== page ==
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    Yes, I looked up in dictionary.:DSo, now, how it comes fake?;):D
     
  13. Wendy

    Moderator

    Mar 24, 2008
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    If someone claims 100% then look very closely at what they are saying. 100% silver or gold is an approximation, but you'd have trouble telling the difference between 99.99% and 100%.

    Another thing (off subject a bit)... If someone tells you they are telling the truth then they may not be, why would they have to declare it is so otherwise. Ditto with someone claiming "I'm an honest man!". If they are really honest then they don't have the need to declare it is so.
     
  14. Lightfire

    Thread Starter Well-Known Member

    Oct 5, 2010
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    Ahh, like what I have thought.:D
     
  15. magnet18

    Senior Member

    Dec 22, 2010
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    Now think about this. Suppose someone tells you they are lying...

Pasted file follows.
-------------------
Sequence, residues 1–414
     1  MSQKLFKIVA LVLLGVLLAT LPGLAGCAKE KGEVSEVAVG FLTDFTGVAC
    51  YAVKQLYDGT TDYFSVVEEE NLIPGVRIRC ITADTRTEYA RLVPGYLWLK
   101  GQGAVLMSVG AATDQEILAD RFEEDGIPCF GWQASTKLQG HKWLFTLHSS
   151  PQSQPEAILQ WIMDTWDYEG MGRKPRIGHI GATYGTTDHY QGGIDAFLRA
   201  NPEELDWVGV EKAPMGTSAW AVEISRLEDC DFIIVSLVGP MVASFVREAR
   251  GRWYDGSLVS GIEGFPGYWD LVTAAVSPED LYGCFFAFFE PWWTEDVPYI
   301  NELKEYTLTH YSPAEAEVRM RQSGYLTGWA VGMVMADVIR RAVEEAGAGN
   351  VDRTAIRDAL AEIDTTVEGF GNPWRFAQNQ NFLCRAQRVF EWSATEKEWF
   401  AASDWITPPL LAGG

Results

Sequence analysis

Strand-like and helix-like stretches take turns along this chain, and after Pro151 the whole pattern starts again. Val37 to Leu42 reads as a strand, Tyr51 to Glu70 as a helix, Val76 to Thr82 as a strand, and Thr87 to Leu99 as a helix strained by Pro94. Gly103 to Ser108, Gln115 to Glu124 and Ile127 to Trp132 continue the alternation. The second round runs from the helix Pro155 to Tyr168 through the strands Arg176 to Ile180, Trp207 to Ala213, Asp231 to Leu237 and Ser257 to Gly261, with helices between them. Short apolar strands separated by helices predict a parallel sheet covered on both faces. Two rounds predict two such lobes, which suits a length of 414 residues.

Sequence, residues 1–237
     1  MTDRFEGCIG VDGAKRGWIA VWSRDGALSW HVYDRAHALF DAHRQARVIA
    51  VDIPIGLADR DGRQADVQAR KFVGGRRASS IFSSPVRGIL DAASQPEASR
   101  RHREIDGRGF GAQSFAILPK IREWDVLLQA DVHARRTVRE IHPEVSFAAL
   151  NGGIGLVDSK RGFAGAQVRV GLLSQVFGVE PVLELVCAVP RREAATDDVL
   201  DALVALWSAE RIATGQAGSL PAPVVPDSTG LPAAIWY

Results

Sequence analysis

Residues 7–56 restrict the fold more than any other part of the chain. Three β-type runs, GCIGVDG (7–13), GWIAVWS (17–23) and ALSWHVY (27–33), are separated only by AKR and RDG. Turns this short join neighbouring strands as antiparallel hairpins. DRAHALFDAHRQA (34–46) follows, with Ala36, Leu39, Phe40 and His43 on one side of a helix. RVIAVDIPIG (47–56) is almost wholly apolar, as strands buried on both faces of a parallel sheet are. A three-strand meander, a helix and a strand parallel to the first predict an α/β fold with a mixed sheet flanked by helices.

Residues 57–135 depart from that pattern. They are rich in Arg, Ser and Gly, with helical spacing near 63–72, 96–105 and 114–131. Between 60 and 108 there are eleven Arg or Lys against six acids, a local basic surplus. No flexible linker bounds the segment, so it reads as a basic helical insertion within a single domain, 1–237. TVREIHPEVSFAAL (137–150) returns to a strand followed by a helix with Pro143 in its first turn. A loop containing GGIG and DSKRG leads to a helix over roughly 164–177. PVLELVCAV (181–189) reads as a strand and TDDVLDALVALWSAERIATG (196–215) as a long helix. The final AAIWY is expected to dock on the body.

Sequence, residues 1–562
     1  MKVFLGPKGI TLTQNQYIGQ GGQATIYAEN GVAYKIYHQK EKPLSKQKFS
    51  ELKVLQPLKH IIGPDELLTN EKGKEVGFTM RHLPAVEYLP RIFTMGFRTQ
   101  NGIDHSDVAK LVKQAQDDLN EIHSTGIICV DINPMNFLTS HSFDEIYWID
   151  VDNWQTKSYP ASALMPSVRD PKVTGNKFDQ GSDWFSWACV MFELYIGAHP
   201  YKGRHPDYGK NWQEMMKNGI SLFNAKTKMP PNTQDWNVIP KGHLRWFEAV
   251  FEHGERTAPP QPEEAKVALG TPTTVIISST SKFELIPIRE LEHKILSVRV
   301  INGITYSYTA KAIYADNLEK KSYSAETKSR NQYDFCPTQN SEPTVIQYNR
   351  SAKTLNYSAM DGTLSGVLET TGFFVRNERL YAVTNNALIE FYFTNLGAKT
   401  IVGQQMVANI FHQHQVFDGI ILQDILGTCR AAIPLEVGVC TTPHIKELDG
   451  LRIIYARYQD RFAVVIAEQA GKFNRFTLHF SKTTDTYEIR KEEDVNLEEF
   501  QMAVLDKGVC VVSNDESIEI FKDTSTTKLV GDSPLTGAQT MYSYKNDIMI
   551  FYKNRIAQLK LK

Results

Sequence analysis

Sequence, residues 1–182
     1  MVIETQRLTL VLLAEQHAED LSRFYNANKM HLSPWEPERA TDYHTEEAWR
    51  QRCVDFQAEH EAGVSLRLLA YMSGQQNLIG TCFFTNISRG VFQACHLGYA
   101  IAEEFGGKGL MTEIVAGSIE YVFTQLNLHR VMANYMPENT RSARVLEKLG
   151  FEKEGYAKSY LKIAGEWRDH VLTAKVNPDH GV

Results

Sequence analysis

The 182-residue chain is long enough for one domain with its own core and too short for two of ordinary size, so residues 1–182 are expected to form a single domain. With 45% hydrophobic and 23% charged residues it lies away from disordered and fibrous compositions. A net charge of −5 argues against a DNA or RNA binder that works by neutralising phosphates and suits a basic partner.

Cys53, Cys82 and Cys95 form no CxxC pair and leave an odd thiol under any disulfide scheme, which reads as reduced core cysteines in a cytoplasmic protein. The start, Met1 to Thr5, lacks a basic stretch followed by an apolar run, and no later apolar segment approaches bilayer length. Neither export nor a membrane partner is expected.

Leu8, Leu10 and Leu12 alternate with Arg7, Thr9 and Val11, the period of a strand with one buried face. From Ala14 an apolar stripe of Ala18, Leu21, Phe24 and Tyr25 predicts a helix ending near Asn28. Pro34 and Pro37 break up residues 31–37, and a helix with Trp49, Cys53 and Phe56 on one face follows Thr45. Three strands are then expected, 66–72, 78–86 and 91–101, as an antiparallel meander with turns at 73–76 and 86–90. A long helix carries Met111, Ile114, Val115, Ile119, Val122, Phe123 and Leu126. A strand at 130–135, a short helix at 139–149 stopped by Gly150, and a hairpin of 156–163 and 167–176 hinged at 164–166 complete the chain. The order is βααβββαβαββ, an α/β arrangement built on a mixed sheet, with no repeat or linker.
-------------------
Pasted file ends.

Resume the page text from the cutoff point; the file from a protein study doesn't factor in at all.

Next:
16. Wendy

    Moderator

    Mar 24, 2008
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    Then they are honest.
     
  17. atferrari

    AAC Fanatic!

    Jan 6, 2004
    2,648
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    Bill, the one you use for soldering at work, it comes in fine wires, small pieces or what?

    Can you describe briefly what is the handling you give? Curious about that.

    What are the dimensions involved?

    Gracias.
     
  18. Wendy

    Moderator

    Mar 24, 2008
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    No soldering. Gold and aluminum wire (we use gold) come in 0.0007", 0.001, and occasionally larger. Ours is 1 mil wire. A typical IC pad is 3.5 to 5 mils square. The gold wire is off of spools around 300'.